"The Russian Government has instructed its Minister at Peking to make the most vigorous representations on the subject." Reuter. Finally, in a Personal Column, I found the following: "HO-NAN. Have abandoned visit. I had just pasted it into my book when Nayland Smith came in and threw himself into an arm-chair, facing me across the table. I showed him the cutting.
"Naturally; since he was done to death in my presence," I replied; for the words awoke memories of one of Dr. Fu-Manchu's most ghastly crimes, always associated in my mind with the cry of a night-hawk. "The divine afflatus should never be neglected," announced Nayland Smith didactically, "wild though its promptings may seem." I saw little of Nayland Smith for the remainder of that day.
With his left foot upon the first stair, Nayland Smith stood, his lean body bent perilously backward, his arms rigidly thrust out, and his sinewy fingers gripping the throat of an almost naked man a man whose brown body glistened unctuously, whose shaven head was apish low, whose bloodshot eyes were the eyes of a mad dog!
He has noticed nothing. Pull up the window on your side, Petrie, and look out behind. Good! We've started." The cab moved off with a metallic jerk, and I turned and looked back through the little window in the rear. "Someone has got into another cab. It is following ours, I think." Nayland Smith lay back and laughed unmirthfully.
Smith threw his hat upon the settee, stripped off the great-coat, and pulling out his pipe began to load it in feverish haste. "Well," I said, standing amid the litter cast out from the trunk, and watching him eagerly, "what's afoot?" Nayland Smith lighted his pipe, carelessly dropping the match-end upon the floor at his feet. "God knows what is afoot this time, Petrie!" he replied.
The old lady admitted the existence of the tradition which Nayland Smith had in some way unearthed, but assured us that never, in her time, had the uneasy spirit declared himself. As for Homopoulo, hitherto so irreproachably imperturbable, I had rarely seen a man in such a state of passive panic.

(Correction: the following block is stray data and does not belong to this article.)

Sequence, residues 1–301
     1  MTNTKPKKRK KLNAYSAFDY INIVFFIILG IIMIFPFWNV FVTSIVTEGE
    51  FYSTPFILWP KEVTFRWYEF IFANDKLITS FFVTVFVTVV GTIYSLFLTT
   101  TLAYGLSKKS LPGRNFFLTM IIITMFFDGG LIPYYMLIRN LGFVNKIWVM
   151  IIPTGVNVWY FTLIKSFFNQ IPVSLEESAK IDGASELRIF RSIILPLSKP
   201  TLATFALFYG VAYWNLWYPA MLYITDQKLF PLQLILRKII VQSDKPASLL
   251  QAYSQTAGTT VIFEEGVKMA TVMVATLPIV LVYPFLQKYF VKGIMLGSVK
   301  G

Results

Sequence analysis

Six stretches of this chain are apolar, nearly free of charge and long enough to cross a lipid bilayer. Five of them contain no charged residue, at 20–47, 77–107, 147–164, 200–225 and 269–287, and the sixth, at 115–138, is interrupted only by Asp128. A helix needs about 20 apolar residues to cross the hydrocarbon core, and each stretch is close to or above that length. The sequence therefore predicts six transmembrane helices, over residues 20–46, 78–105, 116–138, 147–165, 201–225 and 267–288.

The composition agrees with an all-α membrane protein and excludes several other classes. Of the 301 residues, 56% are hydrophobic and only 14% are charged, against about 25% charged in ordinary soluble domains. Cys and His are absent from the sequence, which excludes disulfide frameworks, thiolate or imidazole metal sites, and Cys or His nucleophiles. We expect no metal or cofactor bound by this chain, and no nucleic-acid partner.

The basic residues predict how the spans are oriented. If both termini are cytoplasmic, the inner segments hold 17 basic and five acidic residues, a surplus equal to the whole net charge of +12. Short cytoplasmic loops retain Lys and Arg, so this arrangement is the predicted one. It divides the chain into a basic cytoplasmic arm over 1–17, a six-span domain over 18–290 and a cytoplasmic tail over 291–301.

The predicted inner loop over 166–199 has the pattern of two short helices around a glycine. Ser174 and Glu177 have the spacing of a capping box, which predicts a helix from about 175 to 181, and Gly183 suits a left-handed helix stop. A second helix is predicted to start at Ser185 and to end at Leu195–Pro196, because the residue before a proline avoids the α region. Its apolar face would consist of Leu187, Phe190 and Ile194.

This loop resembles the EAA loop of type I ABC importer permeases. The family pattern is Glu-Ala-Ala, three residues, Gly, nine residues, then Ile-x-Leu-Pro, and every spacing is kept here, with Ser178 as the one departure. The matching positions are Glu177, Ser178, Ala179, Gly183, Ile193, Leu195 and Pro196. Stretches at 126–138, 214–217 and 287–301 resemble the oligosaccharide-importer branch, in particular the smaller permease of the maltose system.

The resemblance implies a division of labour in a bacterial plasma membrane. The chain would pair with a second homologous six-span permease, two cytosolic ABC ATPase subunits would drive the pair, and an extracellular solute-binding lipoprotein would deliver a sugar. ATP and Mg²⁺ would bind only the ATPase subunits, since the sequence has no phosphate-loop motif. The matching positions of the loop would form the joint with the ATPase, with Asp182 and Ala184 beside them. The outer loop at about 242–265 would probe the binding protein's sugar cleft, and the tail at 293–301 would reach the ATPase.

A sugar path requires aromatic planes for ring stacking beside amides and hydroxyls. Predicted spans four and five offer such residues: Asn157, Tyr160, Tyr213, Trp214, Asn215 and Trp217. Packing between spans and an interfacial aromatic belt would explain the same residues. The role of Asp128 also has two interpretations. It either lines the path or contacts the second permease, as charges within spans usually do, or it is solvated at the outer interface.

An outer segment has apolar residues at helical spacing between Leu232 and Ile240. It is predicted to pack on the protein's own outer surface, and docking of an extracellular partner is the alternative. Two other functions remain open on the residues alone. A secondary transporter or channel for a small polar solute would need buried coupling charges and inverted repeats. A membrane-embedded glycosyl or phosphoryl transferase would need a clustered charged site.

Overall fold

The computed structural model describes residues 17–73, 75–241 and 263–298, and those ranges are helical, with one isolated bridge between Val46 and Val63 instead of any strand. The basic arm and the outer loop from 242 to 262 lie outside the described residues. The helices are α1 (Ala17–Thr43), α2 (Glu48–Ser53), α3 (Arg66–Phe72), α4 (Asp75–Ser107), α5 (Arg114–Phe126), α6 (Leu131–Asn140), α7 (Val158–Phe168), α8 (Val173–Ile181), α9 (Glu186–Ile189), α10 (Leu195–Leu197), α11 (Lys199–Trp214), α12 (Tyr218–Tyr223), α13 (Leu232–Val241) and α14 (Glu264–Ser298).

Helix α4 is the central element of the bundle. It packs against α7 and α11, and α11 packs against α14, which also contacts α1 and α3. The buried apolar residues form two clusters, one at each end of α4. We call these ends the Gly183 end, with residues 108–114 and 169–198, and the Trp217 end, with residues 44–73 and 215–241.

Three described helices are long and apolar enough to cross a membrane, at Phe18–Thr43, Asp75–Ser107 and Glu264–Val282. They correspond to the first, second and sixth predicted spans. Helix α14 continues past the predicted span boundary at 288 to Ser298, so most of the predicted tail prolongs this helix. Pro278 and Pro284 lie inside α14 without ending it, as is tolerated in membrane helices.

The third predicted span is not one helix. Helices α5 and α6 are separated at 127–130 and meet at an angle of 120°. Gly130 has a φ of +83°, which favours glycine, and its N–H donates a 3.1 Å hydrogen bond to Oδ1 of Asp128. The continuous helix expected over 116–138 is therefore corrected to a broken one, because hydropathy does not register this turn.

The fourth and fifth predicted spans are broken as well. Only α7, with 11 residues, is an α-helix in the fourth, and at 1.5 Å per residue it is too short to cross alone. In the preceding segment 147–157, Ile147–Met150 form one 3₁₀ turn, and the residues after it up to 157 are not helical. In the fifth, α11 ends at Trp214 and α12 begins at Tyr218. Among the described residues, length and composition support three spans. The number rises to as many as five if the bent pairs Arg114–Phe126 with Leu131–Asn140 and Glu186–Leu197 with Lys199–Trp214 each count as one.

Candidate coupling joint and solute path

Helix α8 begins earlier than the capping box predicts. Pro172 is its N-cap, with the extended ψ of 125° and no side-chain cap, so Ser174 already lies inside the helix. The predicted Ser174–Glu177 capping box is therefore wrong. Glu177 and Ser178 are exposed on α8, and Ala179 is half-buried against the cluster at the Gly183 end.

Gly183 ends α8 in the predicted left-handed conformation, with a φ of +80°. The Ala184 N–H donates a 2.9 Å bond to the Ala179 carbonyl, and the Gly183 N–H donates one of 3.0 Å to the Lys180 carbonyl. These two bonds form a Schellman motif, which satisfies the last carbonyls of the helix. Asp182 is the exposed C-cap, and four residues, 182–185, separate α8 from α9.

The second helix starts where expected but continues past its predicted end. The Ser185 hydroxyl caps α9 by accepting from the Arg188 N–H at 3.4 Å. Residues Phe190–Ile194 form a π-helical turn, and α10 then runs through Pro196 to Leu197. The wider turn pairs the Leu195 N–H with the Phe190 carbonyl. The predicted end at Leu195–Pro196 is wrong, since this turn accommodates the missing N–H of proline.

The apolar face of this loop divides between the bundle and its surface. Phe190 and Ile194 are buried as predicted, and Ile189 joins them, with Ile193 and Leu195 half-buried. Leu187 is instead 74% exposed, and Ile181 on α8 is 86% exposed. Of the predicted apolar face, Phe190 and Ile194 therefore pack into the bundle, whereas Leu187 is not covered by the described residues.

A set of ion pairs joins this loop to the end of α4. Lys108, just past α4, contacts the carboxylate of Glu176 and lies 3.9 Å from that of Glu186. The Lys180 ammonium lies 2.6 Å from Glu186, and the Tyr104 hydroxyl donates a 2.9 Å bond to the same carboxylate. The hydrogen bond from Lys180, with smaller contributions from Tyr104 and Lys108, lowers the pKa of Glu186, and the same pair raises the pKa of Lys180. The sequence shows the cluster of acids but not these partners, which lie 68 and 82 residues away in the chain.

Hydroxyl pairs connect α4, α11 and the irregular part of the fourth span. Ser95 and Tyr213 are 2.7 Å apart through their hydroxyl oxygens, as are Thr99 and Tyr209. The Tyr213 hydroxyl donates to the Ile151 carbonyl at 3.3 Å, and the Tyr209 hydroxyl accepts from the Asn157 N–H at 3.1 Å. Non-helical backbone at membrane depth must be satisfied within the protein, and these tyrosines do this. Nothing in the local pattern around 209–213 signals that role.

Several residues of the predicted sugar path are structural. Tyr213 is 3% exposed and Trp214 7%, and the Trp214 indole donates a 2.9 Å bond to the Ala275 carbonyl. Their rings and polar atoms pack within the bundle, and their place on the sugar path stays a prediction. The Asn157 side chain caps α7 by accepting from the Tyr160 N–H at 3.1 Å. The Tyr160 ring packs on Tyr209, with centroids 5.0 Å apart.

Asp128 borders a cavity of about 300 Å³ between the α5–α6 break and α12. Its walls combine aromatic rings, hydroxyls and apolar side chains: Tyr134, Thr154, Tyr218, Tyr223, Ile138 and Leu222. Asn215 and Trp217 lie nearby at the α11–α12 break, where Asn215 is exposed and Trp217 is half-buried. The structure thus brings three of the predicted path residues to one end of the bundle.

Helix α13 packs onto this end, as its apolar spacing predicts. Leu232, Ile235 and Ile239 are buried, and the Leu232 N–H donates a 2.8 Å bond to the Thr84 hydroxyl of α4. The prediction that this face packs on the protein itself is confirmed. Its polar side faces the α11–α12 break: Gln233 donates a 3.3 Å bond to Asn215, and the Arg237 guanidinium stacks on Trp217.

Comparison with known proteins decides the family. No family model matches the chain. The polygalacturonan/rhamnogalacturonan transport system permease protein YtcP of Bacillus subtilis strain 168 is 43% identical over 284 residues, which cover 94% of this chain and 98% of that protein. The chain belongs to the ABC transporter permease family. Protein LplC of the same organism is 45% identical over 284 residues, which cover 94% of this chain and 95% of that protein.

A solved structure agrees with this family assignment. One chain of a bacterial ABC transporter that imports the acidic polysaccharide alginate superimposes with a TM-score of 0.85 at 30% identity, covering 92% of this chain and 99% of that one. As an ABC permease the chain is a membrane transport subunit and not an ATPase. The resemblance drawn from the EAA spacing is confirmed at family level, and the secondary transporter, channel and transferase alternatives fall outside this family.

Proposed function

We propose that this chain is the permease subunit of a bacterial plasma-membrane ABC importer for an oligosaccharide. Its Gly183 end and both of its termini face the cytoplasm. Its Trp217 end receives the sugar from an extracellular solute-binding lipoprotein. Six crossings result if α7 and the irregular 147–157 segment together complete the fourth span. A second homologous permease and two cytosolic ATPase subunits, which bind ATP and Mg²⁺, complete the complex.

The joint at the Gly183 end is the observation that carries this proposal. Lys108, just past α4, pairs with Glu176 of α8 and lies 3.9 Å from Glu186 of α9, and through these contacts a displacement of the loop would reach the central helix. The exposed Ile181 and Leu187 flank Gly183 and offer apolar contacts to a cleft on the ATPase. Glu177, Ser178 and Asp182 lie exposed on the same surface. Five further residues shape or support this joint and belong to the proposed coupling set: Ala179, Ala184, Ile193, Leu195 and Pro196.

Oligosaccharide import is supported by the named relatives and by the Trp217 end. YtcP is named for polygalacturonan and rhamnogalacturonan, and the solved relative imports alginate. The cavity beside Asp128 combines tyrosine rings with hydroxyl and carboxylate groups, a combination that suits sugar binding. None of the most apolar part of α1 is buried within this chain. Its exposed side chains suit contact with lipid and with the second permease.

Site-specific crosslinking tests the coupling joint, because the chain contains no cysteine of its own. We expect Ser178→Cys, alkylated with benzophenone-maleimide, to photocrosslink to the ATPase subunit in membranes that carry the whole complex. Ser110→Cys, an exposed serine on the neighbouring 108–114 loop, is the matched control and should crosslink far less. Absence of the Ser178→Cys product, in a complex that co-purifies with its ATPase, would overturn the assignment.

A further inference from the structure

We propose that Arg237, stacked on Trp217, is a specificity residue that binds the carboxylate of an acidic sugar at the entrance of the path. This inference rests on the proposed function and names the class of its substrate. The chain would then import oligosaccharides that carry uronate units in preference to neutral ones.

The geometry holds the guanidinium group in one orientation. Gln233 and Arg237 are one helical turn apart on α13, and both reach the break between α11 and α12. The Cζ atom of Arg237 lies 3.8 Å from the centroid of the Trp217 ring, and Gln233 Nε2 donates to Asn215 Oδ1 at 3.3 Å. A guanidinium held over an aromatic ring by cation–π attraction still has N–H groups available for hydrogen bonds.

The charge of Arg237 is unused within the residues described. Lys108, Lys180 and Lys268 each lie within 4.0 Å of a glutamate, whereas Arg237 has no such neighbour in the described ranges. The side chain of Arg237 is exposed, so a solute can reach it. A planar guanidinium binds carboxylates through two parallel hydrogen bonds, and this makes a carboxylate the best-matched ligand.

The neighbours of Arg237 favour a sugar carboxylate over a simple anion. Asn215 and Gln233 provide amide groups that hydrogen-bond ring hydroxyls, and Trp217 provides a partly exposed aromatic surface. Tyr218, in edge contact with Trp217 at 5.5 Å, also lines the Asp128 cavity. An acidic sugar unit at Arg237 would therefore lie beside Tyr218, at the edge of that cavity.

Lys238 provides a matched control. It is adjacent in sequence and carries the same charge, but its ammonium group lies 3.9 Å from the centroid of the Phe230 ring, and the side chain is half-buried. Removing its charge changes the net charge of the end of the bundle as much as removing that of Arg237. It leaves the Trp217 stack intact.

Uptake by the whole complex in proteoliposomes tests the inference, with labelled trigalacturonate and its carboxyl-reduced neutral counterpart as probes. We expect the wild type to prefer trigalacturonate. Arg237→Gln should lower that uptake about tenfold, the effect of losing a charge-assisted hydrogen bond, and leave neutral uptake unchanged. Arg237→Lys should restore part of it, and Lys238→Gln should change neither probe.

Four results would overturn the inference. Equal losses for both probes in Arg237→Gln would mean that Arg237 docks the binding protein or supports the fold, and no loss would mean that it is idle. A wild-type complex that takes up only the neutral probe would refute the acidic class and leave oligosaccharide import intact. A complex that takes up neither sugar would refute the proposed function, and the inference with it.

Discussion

Inspector Weymouth put down his coffee cup and bent forward slightly. "He knows something," he said in a low voice, "and they are aware that he knows it!" "And what is this he knows?" Nayland Smith stared eagerly at the detective. "Every man has his price," replied Weymouth, with a smile, "and Burke seems to think that you are a more likely market than the police authorities."
I walked quietly from the room, occupied with my own bitter reflections. "You say you have two items of news for me?" said Nayland Smith, looking across the breakfast table to where Inspector Weymouth sat sipping coffee. "There are two points yes," replied the Scotland Yard man, whilst Smith paused, egg-spoon in hand, and fixed his keen eyes upon the speaker.
Fu-Manchu, we had relied upon its floor being as secure as that of any other studio, we had failed to sound every foot of it ere trusting our weight to its support.... "There is such a divine simplicity in the English mind that one may lay one's plans with mathematical precision, and rely upon the Nayland Smiths and Dr. Petries to play their allotted parts.
Beyond doubt the silken fragment had belonged to the beautiful servant of Dr. Fu-Manchu, to the dark-eyed, seductive Kâramanèh. Nayland Smith was watching me keenly. "You recognize it yes?" I placed the piece of silk upon the table, slightly shrugging my shoulders.